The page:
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Recognizing our 2019-2020 Rothrock Fellows

Outstanding College of Liberal Arts faculty members were honored with a prestigious fellowship. 

Outstanding College of Liberal Arts faculty members were honored with a prestigious fellowship. 

Among those honored were the two 2019-2020 Ray A. Rothrock ’77 Fellows and one 2019-2020 Ray A. Rothrock ‘77 Senior Fellow. The Rothrock Fellows Program in Liberal Arts was established in 2006 with a significant grant from Ray A. Rothrock ’77 and recognizes newly-promoted, highly-recommended faculty members each year. Recipients of this award are known as Rothrock Fellows.

Fellows receive $15,000 over the next three years to encourage and support the completion of exceptional post-promotion projects and outstanding teaching.

Jason Lindo

Jason Lindo. Photo: provided.

Jason Lindo. Photo: provided.

Professor in the Department of Economics, Jason Lindo’s research is primarily focused on children and young adults, with an emphasis on health and education. He is interested in researching the effects of change in access to reproductive health care. He is the College of Liberal Arts’ 2019-2020 Senior Rothrock Fellow. 

“Much of my recent work has examined the effects of policy changes affecting such access, including the Colorado Family Planning Initiative which dramatically expanded access to long-acting-reversible contraception through public clinics,” he said. 

The Rothrock Fellowship will afford him the opportunity to jump-start his research interests. He plans to document the degree to which reproductive health care is accessible across the United States, to track how access is changing, and how changes in access are affecting health and economic outcomes. 

According to Lindo, he is passionate about this area because reproductive health care is relevant to everyone: individuals’ health, their families, and their economic outcomes. 

“I’m a strong believer that academics should be engaged with the non-academic community, providing and communicating the results of rigorous research to policymakers and the general public,” said Lindo.

Lindo says he is honored to be named a Senior Rothrock Fellow, which will allow him to continue to bring prominence to the College of Liberal Arts. 

“One of the things about the College of Liberal Arts that makes me happy is increasing attention to the value of ‘outreach,’” Lindo said.

Andrew Barr

Andrew Barr. Photo: provided.

Andrew Barr. Photo: provided.

Associate professor in the Department of Economics, Andrew Barr, researches the role of financial and informational factors in the college decisions and related labor market outcomes of non-traditional students.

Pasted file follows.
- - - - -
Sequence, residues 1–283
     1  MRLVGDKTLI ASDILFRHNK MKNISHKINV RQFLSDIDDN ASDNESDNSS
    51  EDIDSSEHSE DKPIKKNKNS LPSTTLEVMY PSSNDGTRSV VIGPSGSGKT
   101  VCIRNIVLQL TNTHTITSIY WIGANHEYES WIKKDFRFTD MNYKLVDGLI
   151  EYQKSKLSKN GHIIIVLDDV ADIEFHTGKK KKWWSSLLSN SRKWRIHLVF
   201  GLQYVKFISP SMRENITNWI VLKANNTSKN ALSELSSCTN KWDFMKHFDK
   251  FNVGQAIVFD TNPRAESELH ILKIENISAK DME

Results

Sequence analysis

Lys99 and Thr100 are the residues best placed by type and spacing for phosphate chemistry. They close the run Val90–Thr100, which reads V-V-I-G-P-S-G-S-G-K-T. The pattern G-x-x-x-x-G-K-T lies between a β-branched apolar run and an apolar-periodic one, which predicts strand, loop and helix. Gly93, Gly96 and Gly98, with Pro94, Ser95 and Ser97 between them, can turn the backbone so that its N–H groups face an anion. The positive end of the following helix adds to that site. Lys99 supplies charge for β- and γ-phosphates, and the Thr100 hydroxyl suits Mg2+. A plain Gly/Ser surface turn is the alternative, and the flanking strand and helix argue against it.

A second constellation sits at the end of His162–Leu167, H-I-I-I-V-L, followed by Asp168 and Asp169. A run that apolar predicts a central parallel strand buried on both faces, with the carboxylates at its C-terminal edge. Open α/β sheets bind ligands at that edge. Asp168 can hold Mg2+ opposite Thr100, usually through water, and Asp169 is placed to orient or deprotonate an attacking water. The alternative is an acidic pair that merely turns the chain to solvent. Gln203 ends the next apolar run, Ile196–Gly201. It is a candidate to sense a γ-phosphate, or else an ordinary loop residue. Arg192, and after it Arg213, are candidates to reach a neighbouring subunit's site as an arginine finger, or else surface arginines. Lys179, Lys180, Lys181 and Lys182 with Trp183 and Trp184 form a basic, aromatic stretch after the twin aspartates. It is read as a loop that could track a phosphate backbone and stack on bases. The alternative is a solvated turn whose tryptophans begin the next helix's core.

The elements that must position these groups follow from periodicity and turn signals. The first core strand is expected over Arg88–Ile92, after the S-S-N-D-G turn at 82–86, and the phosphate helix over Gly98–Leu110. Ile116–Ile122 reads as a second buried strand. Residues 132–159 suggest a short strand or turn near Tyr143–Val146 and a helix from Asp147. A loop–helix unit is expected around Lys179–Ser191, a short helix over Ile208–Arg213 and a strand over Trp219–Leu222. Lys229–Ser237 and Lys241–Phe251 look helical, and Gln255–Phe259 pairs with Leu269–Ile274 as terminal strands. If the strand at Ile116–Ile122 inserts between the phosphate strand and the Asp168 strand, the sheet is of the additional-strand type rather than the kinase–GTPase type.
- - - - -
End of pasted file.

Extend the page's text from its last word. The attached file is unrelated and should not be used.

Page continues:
Barr’s research is personal to him. About one in five children in the United States grow up in poverty. These children are less likely to obtain benchmarks of lifetime economic or social success. 

The Rothrock Fellowship will allow him to fund a graduate research assistant to assist with an ongoing research project on the long-run effects of income provided to low-income families during the child’s first year of life. 

Barr’s research will trace the effects of income across the life course, exploring effects on test scores, educational attainment, and earnings. His “natural experiment” approximates the effect of randomly giving a low-income family an additional one to two thousand dollars after the birth of a first child. 

Hopefully, it will answer questions about how the family spends the money. “For example, does the additional income provide a buffer that allows families to avoid adverse outcomes such as eviction or bankruptcy?” Barr said.

Barr is fortunate to be recognized as a Rothrock Fellow.

“I’m fortunate to have a job that I love that also has the capacity to improve people’s lives, both on and off-campus.  I appreciate the College of Liberal Arts and Texas A&M University for caring about these things and providing me with the opportunity to contribute.”

Dinah Hannaford

Dinah Hannaford. Photo: provided.

Dinah Hannaford. Photo: provided.

Dinah Hannaford, associate professor with the Department of International Studies, researches important interventions into how we think about global hierarchies of power and privilege, the meaning of help and care, and limits and opportunities of international cooperation. 

The Rothrock Fellowship helps Hannaford continue her current book project, Aid and the Help: International Development and Domestic Work

“The funding will allow me to complete the ethnographic and archival fieldwork for this project,” Hannaford said. 

She believes that her work will help illuminate critically important realities about the racial, gendered and class aspects of development work in examining workplace dynamics. 

Hannaford said that being a Rothrock Fellow is a tremendous honor and feels like a vote of confidence in her potential to make important contributions to her scholarly field and the College of Liberal Arts. 

“I am pleased to be a part of the College of Liberal Arts, where students learn to read widely, write cogently and think critically across multiple disciplines. A liberal arts education equips students with a set of tools to tackle the meaningful questions and urgent challenges of human existence.”